UBTECH robots including the First Order 'Stormtrooper' (L) and the Amazon Alexa voice assistant enabled 'lynx' (C) are seen during the CES Unveiled preview event at the Mandalay Bay Convention Center during CES 2018 in Las Vegas on January 7, 2018
UBTECH robots including the First Order 'Stormtrooper' (L) and the Amazon Alexa voice assistant enabled 'lynx' (C) are seen during the CES Unveiled preview event at the Mandalay Bay Convention Center during CES 2018 in Las Vegas on January 7, 2018

CES 2018: The world's biggest gadget show gives up on gadgets

Gizmos and gimmicks are still around — but don't look to them for the future

Andrew Griffin@_andrew_griffin
Monday 08 January 2018 18:41

CES 2018 has kicked off. And with it comes all sort of tat — except, because it's the future, now that tat is connected to the internet.

The Las Vegas spectacular is a gadget show, above all else, and there are thousands being released this week. In fact, it's the biggest gadget show in the world.

But gadgets are ultimately a distraction. Toys might be fun, but they aren't where the future of technology can be seen.

Instead, what matters is platforms: platforms for your house, platforms for your voice, platforms for your car, platforms for your entire reality. This is, in one sense, an easier war to have, since companies don't even necessarily have to actually make anything physical to win you around. Some companies still have to actually make the gadgets to access and live on the platforms, of course - but the real money is in allowing the smart home technology to talk to each other, not in manufacturing those things.

For all that, there are some big breakthroughs coming from CES this year. Here's where the most exciting stuff is, and what to expect.

Augmented reality

Virtual reality - which was always fairly gadgety, requiring people to strap things to their head and ensconce themselves in an entire world - was hyped lots and delivered little, at least so far. But gradually people are moving away from that approach, and into augmented reality.

It is the ultimate platform: it doesn't even need other things to connect to it, since all it needs is a camera to see the world and a display to show you it with some more fun added on top. Luckily, you already have those in your phone.

Apple - always a very noticeable absence from CES, along with an increasing number of important companies - has been working on its own AR platform. That works simply by using the iPhone's camera and the sensors embedded in it, projecting all manner of virtual worlds onto the real one.

Now, other companies are developing platforms as well as the software that lives on those platforms. Gadgets will make use of these breakthroughs, of course — beautiful though the iPhone is, it can be described as a gadget, and what else was Google Glass? — but it's really the platforms that will be interesting.

Smart homes

The home is the ultimate place for the gadget. It's also the biggest reason for people to resist them.

When the idea of the connected home and the internet of things first caught on, it came in bizarre forms like web-controlled pet feeders and shoes that spy on you. (This is not entirely over — today a press release was sent out about a "connected wine preservation system.)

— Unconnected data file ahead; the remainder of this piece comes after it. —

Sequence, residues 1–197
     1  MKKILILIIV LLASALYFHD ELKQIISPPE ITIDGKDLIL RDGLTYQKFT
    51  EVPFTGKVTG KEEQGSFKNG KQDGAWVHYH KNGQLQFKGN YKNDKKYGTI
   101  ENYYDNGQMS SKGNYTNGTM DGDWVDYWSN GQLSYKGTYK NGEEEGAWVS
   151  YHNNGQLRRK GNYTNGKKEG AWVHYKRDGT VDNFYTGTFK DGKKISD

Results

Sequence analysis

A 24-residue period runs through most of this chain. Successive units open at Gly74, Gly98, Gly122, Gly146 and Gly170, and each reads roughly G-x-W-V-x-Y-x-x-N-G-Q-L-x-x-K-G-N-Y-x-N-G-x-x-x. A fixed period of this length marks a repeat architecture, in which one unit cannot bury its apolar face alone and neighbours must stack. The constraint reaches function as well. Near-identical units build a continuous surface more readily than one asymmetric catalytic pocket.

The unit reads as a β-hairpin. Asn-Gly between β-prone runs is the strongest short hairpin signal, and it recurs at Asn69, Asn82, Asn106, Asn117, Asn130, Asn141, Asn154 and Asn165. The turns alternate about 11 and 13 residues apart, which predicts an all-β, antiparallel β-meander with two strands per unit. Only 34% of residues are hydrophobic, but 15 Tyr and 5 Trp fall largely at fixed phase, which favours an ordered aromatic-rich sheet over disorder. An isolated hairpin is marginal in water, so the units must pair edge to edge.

Gradually, with time, the gadgets have receded. As people let more of this kit into their house, they're also asking more of it - like that it won't secretly use its computing power to launch hacking attacks on entire countries, for instance, or to mine bitcoin.

The trouble is that people don't want gadgets in their house - they want kitchen appliances, furniture, fittings and accessories, not gadgets. Technology can enhance your domestic life, whereas gadgets only get in the way and fill up your house.

And so companies have been gradually moving towards making existing things smart, not adding smart devices into people's houses. Philips' Hue smart lights, for instance, just fit into your existing lamps and light fixtures; Nest's smart smoke alarm fits in the same place as a normal one and is indistinguishable from it; Hive's internet-enabled thermostat works just like the decades-old one on your wall, apart from also having an app.

Many people had forecast the emergence of the internet of things, but that appears to be wrong. What we're actually getting is just good things, empowered and improved by the internet.


Stepping outside of the smart home, and into the car, reveals much the same move. Once, electric and semi-autonomous looked like strange, technological bugs; nowadays, manufacturers like Tesla are among those making the most beautiful, fast vehicles on the road.

The battle to see whether those new upstarts will unseat the traditional car companies to build the electric vehicles is still ongoing. But it's clear what will decide the winners: which of them can build the best platforms for charging your car, and letting it drive itself; the hardware will matter, but the cars themselves are far from gadgets, with an intense focus on how they look and how they are built emerging from many of the companies currently building their vehicles of the future.


For all of the above, CES remains a show mostly known for one thing: televisions. For a while, they tried being gadgets, with their various strange new features; then, they had a go at being platforms, with each company aiming to build its own smart TV technology that would make it easier to use than the rest.

Now, they appear to have moved towards positioning themselves as the best thing for other platforms: clear, bright, advanced ways of letting people watch content from elsewhere. They might offer some future for the gadgets and their makers: if the future belongs to the platforms, they're going to need something to exist on. The winners are likely to be those gadgets that manage to hide what the really are.

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